Redistribution requires the same terms. This is also known as Copy-Left or Viral licensing. All uses or distributions of your work must be within the same scope of licensing terms that you provide. Such licenses define the terms for products that build off of them; licenses that do not have a “share-alike” property allow someone to use your product as a basis for another product and then distribute their product under a different license, which may be propriety or for commercial gain. The new license may restrict redistribution or modification of the new product even though yours allowed it.


The share-alike property is a way to ensure people who benefit from you freely sharing your work will also freely share their work, but in counterpoint, it can lead to a lower reuse of your product as many users will not want to use such a license for products that are, or could be, eventually used in commercial or even non-commercial proprietary software. As perhaps the most famous example of this avoidance, Apple built MacOS off of BSD Unix instead of the more popular Linux because the former was distributed under the BSD License (with no share-alike clause) and the latter under the GPL (with a share-alike clause).


This governs whether others may modify your work and redistribute the modified version and/or incorporate the modified version into their own products. In traditional views of copyright, modification is prohibited, but is is extremely common in community-oriented licensing under the idea that others will contribute improvements or customize it to their own context. The Modification characteristic is separate from Attribution because the modified version often must retain a copy of your original license and any copyright alongside the new license and copyright that applies to the modified product.  Note that the new license may be different for the modified product unless there is a share-alike clause as well.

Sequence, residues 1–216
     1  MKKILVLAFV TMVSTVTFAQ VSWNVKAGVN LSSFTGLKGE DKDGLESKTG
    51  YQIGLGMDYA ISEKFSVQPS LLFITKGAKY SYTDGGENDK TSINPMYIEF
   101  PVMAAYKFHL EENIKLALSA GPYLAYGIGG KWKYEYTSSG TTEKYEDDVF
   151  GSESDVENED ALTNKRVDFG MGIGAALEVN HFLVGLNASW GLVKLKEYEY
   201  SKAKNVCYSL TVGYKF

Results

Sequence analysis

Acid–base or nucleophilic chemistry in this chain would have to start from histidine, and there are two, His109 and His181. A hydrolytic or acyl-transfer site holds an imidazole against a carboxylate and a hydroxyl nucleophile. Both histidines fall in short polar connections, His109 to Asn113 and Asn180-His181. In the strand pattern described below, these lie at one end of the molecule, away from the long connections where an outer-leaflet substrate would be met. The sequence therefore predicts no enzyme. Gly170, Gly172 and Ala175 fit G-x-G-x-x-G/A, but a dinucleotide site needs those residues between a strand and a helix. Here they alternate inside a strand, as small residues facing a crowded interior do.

How to Choose a License

Licenses come in many flavors and many formats. For significant intellectual property questions, you should consult a lawyer. This is a only a brief primer to help those who are ready to start building out a project for the URE Methods Repository.

Intellectual property concerns differ based on the format:

  • For text and the content of the OSF projects, we recommend one of the Creative Commons licenses, which are well suited for copyright issues and we describe below. However, Creative Commons licenses should not be used for other types of products.
  • For programmatic code and other products that can be used for personal gain or in which intellectual property and patent issues may be at play, there are a significant number of licenses and we describe several of the major ones.
  • For Data Sets, licensing, usage, and privacy policies are still emerging. The Creative Commons licenses may work; we discuss additional issues below. 

OSF provides a set of default licenses that can be selected for a project as well as the ability to link to any other license, so long as it provides COS and OSF the rights to show, display, and allow users to access the material. We recommend adding a license.txt file to the folder in addition to selecting a license from the project information pane for any OSF project that extends beyond wikis and includes files that are available for downloadOSF also provides a general article on licenses here (external link).

Licenses for Documents and General Content

The Creative Commons (external link) details a series of licenses well suited for documents and the content of your OSF projects and are well suited for text and documents or anything subject to Copyright. It is not appropriate for source code or products in which patent issues or other intellectual property issues are at play (see the next section).